Tuesday, May 3, 2016

Fishing Report for Wheeler 4/23/16

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I was off the water for less than 24 hours before Brad and I were right back at it. After Alyse and I placed 3rd in our NASA club tournament on Pickwick, Brad and I were on Wheeler prefishing for our Army club tournament. 

You can read about how my wife won us a check by clicking the following link:

Fishing Report for Pickwick 4/16/16

So, a little back story. Last year before this particular tournament, Brad and I fished the Friday before the tournament. The morning was especially rough on us, but in the waning moments before we called it a day, I boated two slobs. One was a monster largemouth, the other a trophy sized smallie, both of which would end up being two of my three biggest fish of the year. You can check out the fishing report for those days by clicking the link below.

But, during the tournament, we couldn't scare up a fish over three pounds. 

Ok, so, we started fishing the Sunday before the tournament. On the first spot we checked, which had been a mainriver point covered up with smallmouth in 2015, I boated a reall solid smallie who absolutely pounded the Luhr-Jensen speed trap in Texas Red Diamond. But, the spot didn't produce anything else. 

As we moved to the next point, and then every proceeding point, we would catch two, three, or sometimes four TINY smallmouth. 
Brad would add a nice largemouth on the A-rig. For the rest of the day, the only bites we would have would be a few random hits on backwater flats on a PTL 6" Gator. But, to be honest, those bites would be the best we had that day. 

The Friday before the tournament, we headed to First Creek again to see what we could find. We didn't hit the water until 10AM and we only fished until around 2PM. In that time, we would catch another two four pound smallies, a 4 pound largemouth and all the two pound fish we wanted. 

The funniest part of the day came on my first cast using a magnum shakey head, a technique that I have been perfecting for about a year. I was yacking when I noticed the line starting to move sideways. I even looked down at my hands to make sure I wasn't the one cranking it! Eventually we boated a really nice smallmouth.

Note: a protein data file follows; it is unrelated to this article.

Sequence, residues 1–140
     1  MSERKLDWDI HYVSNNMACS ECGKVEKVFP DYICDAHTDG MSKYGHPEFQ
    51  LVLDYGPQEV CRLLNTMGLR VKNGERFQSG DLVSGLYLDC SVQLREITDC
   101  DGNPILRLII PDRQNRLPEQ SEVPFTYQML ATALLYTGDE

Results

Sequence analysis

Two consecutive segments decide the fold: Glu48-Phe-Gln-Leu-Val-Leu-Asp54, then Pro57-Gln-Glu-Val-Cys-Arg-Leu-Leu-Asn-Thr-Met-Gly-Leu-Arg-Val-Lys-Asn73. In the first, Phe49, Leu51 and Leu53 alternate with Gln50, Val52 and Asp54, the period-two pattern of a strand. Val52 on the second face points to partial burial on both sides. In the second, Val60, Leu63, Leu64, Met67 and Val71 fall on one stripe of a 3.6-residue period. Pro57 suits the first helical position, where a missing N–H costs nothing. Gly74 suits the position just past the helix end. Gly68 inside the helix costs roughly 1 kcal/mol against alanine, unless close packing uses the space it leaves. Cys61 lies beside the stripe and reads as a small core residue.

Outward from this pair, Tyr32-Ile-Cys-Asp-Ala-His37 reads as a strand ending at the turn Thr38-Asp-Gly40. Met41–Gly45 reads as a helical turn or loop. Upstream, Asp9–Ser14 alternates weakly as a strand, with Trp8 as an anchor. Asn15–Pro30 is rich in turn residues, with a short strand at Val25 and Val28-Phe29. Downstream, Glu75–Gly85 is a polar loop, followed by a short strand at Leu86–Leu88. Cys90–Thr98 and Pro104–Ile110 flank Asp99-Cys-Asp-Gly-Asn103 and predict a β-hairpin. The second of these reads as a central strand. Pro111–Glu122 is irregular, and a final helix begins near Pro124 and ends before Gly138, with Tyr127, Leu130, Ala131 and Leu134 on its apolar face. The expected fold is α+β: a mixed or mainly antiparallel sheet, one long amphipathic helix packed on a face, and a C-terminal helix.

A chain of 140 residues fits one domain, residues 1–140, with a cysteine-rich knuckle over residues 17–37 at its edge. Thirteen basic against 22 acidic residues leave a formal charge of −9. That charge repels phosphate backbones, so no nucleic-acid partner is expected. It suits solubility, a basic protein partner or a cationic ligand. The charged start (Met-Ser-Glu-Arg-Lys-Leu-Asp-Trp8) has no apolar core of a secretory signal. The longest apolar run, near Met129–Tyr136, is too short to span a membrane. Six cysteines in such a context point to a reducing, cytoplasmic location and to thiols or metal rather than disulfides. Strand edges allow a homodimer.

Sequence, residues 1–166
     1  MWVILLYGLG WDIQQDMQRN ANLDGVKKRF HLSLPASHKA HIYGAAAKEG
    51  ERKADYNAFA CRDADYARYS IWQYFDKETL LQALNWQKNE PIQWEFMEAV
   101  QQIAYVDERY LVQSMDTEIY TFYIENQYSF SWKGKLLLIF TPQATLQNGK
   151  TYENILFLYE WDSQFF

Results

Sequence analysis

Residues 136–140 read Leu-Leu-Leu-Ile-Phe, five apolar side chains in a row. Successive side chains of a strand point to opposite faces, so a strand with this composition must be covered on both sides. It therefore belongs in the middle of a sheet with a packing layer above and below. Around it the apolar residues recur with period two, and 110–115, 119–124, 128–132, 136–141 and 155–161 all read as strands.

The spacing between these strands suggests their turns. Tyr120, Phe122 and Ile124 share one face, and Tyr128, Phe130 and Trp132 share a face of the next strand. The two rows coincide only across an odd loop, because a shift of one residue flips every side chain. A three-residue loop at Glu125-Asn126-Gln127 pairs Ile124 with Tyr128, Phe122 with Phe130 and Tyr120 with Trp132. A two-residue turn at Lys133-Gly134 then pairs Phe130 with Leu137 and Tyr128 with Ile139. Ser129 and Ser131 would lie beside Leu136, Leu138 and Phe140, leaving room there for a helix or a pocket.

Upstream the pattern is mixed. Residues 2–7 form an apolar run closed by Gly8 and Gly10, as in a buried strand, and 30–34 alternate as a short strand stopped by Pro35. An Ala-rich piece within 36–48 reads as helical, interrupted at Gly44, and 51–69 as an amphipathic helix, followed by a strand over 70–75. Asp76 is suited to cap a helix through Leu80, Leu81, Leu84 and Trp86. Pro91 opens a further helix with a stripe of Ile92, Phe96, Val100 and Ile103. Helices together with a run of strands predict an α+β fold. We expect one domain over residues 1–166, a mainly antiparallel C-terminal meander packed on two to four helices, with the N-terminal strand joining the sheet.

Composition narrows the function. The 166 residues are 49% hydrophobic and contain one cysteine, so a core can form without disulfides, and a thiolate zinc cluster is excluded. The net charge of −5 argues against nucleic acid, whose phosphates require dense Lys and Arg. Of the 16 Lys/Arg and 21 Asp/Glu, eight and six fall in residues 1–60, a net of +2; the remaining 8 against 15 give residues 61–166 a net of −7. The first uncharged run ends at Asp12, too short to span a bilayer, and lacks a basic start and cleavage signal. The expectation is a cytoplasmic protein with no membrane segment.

We caught the bigger fish on the main river points of shallow pockets. The two pounders were absolutely loaded in log jams and laydowns, specifically any submerged timber in the middle of these shallow coves. To catch these, we were flipping PTL 7" Ticklers on 3/8ths or 1/2 ounce shakey heads. By the end of the four hours, we had caught 20 or so fish with the best five going just over 16 pounds. 

More importantly, we had a pattern. 

That is, until I looked outside about 10 PM Friday night and saw full moon on a cloudless night. That got the wheels turning and I knew that all of our prefishing may have been wasted. With a moon like that, staging fish would spawn and any fish holding to their staging points (which we had been targeting) would be eating at night, not during the day.

I knew it would be post frontal with high skies. Not good. At least the water temp was a balmy 73 degrees. 

At blastoff, we shared our gameplan with Josh and Anthony, who are working closely with us. They agreed to stick to the gameplan for the morning.

First cast on the first spot, I caught a short smallmouth on a speed trap, that was it. By 10AM, we didn't have a bite and I was making a phone call.

Josh and Anthony had started on the shallow pockets on the main river as we had said, but had moved to rocks just inside the pocket as well as fishing the flats in the backs of the pockets with lizards. It had produced four fish for about 10 pounds. 

I couldn't give up our pattern and held tightly to it. We would fish the main point and then move to the wood on the sides and back of the pocket. Eventually, the pattern would produce a VERY small limit. I could deal with a small limit. What I couldn't deal with was the fact that we had caught less than 10 fish to get it. 

Again, I made the call. The only thing now working was fishing rock with worms. I had largely missed the best bite of the day, dragging a texas rigged lizard. But, I stuck to the wood, even when Brad pointed out that we hadn't gotten a hit all morning off the wood. 

As the wind continued to build, we found ourselves fishing more and more dirty water, as every boat was now fishing the south side of the lake. We made a run up river a few miles and fished similar coves. 

This produced three culls including our best fish of the day, as three pounder that came off of a dock I had skipped under. The bites began to pick up as I eventually abandoned the wood entirely. While the numbers of fish piled up, the weight did not. 

After a few more small culls, we figured we didn't have much more than 8 pounds. 

We went back to the pockets we had faith in finding bigger fish, just hoping for the big bite. We never found it, mostly because Josh and Anthony found it first. 

We didn't place in what seemed to be a mirror match of last year's tournament. Anthony and Josh did, cashing a second place check with big fish of the tournament. The winning back was only 12 pounds with Josh and Anthony just behind at 11. 

Though I am very happy that they won a check, and they did it on sharing of information just like we hoped, it was very frustrating to me that I couldn't even scratch up 12 pounds on a tough day. I should have been able to do that without ANY prefishing. 

But, hey, that's how it goes. It's a long way from boating 20 pounds on Wilson less than a month ago. I'll take it as a learning experience and go with it!